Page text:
It means trying diligently to hear beneath the surface. Sometimes, stated reasons offered for someone’s doubts might not be the true source. Listening patiently means asking questions—

not so we can craft a response, but rather to both understand and make your friend feel heard.

Consider questions like these:

  • When you say _______, can you help me understand what that means?
  • How long have you been feeling like this?
  • Did something specific bring about your doubts?
  • What I hear you saying is_______. Is that right?
  • Is your thinking still in process, or have you arrived at a settled position?

But avoid questions like these.

  • How can you not believe it’s true?
  • Aren’t you just angry at God because of _______?
  • Do you know how much this hurts me?
  • Is there sin in your life?
  • Have you really looked into the evidence for Christianity?

As hard as your friend’s statements may be to hear, it’s important to thank them for doing so. Let them know you appreciate that they cared enough to tell you. Acknowledge that it must have been difficult to bring up the subject.

Doing so will offer proof that you really mean what you say next.

3. Love unconditionally.

Pam’s story was achingly similar to dozens I interviewed. Once Pam shared with her mother she no longer identified as a Christian, Pam’s mother refused to speak to her. Years passed without a word between them. When Pam went to visit her mother on her deathbed, her mother turned away, refusing to acknowledge her presence.

Devastated, Pam’s unbelief calcified into a heart of stone that will take nothing short of a miracle to soften. To Pam and others, rejection confirmed they want nothing to do with Christianity.

Your emotions of betrayal can feel devastating and powerful, fueling a “justified” rejection of those we feel have betrayed not only us, but God.

But more than anything, our children and friends need to know we love and accept them unconditionally. And by unconditionally, I mean with no strings attached. That they will always be welcome in your home. And—if this person is your son or daughter—that they will always be your child. We communicate we love them even if they reject the most important thing to us, our faith.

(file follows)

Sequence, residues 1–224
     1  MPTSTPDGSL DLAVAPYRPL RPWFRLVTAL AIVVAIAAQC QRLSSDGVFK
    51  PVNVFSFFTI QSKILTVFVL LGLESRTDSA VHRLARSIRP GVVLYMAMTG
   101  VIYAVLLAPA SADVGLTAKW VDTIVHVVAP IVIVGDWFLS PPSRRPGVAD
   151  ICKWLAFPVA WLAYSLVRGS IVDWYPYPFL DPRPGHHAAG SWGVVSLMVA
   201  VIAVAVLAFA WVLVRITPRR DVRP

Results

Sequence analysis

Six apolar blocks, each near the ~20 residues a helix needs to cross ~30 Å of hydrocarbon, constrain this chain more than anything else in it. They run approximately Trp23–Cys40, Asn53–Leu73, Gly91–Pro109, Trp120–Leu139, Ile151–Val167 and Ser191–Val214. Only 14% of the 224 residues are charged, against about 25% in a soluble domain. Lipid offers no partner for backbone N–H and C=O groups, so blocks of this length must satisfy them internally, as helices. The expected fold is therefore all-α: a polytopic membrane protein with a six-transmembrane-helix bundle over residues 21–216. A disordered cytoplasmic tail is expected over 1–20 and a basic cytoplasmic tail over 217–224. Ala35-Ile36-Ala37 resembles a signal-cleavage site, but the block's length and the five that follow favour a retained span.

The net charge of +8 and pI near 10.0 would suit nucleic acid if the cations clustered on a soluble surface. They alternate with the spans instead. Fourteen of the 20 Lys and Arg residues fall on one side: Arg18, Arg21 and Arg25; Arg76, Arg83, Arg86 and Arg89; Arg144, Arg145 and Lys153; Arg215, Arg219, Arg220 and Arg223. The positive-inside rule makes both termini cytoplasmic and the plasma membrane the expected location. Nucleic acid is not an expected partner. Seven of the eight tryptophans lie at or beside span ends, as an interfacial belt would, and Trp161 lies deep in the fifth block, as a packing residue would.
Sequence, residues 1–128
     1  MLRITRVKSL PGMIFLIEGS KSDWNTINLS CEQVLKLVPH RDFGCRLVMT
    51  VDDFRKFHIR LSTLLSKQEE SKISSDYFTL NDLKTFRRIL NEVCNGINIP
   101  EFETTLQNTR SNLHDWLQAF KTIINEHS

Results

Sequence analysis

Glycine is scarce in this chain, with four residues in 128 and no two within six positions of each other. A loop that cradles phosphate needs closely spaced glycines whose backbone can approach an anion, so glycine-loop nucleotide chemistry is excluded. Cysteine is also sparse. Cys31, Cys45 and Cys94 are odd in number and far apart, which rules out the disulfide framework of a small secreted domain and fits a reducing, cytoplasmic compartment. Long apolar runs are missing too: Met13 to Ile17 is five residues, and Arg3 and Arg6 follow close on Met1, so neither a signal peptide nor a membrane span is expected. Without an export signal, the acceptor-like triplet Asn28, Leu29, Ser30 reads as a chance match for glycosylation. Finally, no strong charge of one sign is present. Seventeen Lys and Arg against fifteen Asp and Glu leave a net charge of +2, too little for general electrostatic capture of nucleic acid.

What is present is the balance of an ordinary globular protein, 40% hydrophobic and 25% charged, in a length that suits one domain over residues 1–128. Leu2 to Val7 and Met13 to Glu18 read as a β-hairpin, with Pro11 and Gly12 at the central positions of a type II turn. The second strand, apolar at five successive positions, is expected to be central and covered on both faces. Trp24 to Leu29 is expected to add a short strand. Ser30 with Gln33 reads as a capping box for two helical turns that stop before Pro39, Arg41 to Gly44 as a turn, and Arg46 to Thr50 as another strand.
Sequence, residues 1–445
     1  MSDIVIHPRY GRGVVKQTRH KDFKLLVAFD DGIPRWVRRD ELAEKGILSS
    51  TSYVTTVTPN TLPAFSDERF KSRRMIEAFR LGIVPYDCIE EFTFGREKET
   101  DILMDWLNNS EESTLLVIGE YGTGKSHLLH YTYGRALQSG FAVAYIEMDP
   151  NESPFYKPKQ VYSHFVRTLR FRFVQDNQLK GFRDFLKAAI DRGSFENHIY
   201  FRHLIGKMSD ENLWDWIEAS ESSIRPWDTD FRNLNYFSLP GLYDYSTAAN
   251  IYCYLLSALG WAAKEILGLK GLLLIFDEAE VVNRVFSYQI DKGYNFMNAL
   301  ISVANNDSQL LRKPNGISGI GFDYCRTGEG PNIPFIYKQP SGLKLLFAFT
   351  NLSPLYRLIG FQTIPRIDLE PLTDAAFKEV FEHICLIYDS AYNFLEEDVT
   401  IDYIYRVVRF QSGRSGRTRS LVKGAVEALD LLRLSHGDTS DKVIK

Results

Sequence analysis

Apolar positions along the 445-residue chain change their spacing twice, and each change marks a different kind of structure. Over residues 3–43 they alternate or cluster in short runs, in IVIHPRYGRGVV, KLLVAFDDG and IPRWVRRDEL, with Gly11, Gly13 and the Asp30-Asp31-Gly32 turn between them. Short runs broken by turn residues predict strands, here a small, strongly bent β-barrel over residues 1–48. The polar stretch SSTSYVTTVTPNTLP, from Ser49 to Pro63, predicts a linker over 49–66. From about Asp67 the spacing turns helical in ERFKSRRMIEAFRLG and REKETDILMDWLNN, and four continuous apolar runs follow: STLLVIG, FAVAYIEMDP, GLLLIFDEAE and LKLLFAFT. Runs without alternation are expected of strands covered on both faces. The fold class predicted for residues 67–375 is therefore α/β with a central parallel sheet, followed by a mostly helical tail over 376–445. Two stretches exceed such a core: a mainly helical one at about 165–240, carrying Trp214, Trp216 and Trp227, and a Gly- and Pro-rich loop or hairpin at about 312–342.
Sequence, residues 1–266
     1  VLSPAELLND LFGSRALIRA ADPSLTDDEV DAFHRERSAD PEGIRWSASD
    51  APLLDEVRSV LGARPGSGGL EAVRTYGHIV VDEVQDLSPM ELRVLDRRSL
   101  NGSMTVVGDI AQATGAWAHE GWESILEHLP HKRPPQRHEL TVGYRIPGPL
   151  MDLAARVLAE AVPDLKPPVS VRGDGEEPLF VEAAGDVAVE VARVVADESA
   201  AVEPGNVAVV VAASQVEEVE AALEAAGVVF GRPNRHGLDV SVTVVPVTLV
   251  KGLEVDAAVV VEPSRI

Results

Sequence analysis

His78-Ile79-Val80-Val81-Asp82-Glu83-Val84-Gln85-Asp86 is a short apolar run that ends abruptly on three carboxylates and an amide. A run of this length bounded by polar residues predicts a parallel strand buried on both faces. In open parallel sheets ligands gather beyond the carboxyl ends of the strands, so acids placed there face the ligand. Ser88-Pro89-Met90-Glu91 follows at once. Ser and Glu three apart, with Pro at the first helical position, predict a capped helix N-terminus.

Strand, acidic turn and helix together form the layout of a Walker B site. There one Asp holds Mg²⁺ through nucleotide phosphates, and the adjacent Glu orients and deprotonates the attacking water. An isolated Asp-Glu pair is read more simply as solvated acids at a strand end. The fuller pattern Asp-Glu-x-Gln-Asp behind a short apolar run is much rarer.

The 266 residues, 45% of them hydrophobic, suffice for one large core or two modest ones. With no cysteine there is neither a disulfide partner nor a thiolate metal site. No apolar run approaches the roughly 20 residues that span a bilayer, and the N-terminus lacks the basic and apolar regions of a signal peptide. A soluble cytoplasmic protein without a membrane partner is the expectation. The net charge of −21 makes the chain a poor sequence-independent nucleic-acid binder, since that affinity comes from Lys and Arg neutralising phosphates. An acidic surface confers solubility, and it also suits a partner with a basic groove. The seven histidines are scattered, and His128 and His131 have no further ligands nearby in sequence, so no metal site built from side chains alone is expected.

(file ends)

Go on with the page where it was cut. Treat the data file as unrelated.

This allows us to cultivate a relationship where we can stay in the conversation.

But even more, this demonstrates God’s unconditional love for them. Think of the woman at the well. Zacchaeus. The woman caught in adultery. All had rejected him with their lifestyles. But Jesus pursued them, loved them, and kept the conversation going.   

We don’t just stay in the conversation for our agenda, a search-and-rescue mission—but because we are also the rescued. We, too, have been loved unconditionally.  

Consider stating something like this to your child or friend: “You need to know, no matter what you believe, I will always love you. Of course, it’s hard for me to hear this. But my love and acceptance of you aren’t based on you identifying as a Christian. I will always be there for you and support you wherever you go, whatever you do, whatever you believe.”

4. Establish boundaries.

Former Christians commonly complain of conversations with loved ones who constantly try to reconvert them. Eventually, those relationships become strained and lead to resentment or even estrangement.